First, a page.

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Skin pharmacology and physiology

Metrics and clinical relevance of percutaneous penetration and lateral spreading.


PMID 25227720

Abstract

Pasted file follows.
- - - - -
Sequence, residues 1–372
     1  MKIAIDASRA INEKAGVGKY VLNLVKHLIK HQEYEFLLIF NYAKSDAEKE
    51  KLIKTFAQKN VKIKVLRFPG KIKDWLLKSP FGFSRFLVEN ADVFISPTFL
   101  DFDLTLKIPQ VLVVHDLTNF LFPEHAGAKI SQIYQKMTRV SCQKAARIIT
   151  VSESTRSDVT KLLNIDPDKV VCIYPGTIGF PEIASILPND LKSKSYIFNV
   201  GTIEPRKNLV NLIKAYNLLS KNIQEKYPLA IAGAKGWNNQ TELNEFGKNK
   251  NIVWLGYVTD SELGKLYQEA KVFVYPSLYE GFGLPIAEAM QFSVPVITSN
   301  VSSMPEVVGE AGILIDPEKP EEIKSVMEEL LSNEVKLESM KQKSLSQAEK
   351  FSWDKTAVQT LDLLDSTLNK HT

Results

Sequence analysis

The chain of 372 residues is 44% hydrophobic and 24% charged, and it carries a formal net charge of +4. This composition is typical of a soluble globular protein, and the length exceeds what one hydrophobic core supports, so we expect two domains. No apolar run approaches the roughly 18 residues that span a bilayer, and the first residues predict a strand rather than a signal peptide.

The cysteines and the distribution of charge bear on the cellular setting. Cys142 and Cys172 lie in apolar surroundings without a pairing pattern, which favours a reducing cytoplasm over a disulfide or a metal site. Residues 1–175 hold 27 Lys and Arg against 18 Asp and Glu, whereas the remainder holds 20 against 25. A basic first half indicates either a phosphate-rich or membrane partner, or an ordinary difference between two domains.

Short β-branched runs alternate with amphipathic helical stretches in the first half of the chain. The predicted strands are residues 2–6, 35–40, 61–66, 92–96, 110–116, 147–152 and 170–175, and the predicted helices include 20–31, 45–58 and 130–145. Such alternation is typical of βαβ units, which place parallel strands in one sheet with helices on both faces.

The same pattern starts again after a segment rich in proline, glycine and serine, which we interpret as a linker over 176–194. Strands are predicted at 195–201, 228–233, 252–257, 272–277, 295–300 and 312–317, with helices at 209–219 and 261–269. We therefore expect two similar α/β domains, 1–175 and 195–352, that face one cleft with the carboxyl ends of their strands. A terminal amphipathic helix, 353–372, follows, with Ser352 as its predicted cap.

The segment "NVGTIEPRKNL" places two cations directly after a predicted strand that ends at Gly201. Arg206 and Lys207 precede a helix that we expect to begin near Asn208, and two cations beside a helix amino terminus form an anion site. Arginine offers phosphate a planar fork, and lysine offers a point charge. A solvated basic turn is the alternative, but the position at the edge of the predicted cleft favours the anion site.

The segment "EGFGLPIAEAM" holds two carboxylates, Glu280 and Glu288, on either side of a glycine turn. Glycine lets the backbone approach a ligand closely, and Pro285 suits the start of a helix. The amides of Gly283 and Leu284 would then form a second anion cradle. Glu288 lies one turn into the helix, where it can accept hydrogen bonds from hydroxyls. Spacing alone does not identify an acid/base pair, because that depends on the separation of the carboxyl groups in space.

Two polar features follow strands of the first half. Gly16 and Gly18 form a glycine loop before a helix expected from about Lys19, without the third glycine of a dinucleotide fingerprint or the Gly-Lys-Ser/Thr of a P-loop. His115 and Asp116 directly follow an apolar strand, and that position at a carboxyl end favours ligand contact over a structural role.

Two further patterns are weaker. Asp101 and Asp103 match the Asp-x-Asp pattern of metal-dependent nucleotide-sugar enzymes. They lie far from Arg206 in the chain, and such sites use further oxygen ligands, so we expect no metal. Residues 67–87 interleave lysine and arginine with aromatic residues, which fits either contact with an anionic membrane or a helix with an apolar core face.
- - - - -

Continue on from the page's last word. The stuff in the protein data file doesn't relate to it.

Percutaneous penetration of urea in vivo in man has been documented. If urea can penetrate the skin, it may also move laterally. Lateral spreading of topical substances leads to unpredictable penetration dynamics and increased skin surface area exposure. The ability of urea, a low molecular-weight hydrophilic model, to penetrate the stratum corneum (SC) and spread outside the application site was investigated in vitro using tape stripping with spectroscopy. The parameters investigated were the following: time between urea application and tape stripping, formulations containing urea and use of a petrolatum-covered ring barrier around the marked application area. The percentage of urea was determined in and around the application site. The spreading of topically applied urea to neighboring areas occurred and was time but not formulation dependent. A significant difference between protocols with and without the petrolatum ring was observed. These results suggest the clinical importance of lateral spreading, occurring predominately on the skin surface. SC thickness varies between anatomical sites, predisposing areas such as the face and scalp margins to increased percutaneous penetration of topical products. The use of a protective petrolatum ring can inhibit lateral spreading of hair dye in individuals allergic to hair dye, limit systemic absorption and increase accuracy when assessing penetration dynamics.